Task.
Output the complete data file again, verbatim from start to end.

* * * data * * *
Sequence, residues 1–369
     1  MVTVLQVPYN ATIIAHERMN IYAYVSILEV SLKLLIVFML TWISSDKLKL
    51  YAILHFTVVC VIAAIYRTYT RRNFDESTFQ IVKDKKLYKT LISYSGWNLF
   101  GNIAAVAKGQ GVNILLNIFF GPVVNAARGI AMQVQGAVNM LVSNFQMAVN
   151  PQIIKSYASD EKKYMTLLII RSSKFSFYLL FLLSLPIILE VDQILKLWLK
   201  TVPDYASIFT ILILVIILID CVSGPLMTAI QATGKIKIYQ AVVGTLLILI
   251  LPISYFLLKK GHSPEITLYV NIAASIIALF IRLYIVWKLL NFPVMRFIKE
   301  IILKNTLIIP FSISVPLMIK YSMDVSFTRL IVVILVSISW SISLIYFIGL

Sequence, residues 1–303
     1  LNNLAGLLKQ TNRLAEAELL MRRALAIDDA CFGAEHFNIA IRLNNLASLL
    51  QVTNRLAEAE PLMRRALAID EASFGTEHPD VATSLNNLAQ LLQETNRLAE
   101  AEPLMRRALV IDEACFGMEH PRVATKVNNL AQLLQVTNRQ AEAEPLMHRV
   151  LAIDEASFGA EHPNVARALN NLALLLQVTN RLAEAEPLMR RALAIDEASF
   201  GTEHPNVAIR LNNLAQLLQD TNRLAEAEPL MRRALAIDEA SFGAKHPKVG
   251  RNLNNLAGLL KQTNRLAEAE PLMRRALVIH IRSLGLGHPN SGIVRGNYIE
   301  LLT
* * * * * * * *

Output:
Sequence, residues 1–369
     1  MVTVLQVPYN ATIIAHERMN IYAYVSILEV SLKLLIVFML TWISSDKLKL
    51  YAILHFTVVC VIAAIYRTYT RRNFDESTFQ IVKDKKLYKT LISYSGWNLF
   101  GNIAAVAKGQ GVNILLNIFF GPVVNAARGI AMQVQGAVNM LVSNFQMAVN
   151  PQIIKSYASD EKKYMTLLII RSSKFSFYLL FLLSLPIILE VDQILKLWLK
   201  TVPDYASIFT ILILVIILID CVSGPLMTAI QATGKIKIYQ AVVGTLLILI
   251  LPISYFLLKK GHSPEITLYV NIAASIIALF IRLYIVWKLL NFPVMRFIKE
   301  IILKNTLIIP FSISVPLMIK YSMDVSFTRL IVVILVSISW SISLIYFIGL

Sequence, residues 1–303
     1  LNNLAGLLKQ TNRLAEAELL MRRALAIDDA CFGAEHFNIA IRLNNLASLL
    51  QVTNRLAEAE PLMRRALAID EASFGTEHPD VATSLNNLAQ LLQETNRLAE
   101  AEPLMRRALV IDEACFGMEH PRVATKVNNL AQLLQVTNRQ AEAEPLMHRV
   151  LAIDEASFGA EHPNVARALN NLALLLQVTN RLAEAEPLMR RALAIDEASF
   201  GTEHPNVAIR LNNLAQLLQD TNRLAEAEPL MRRALAIDEA SFGAKHPKVG
   251  RNLNNLAGLL KQTNRLAEAE PLMRRALVIH IRSLGLGHPN SGIVRGNYIE
   301  LLT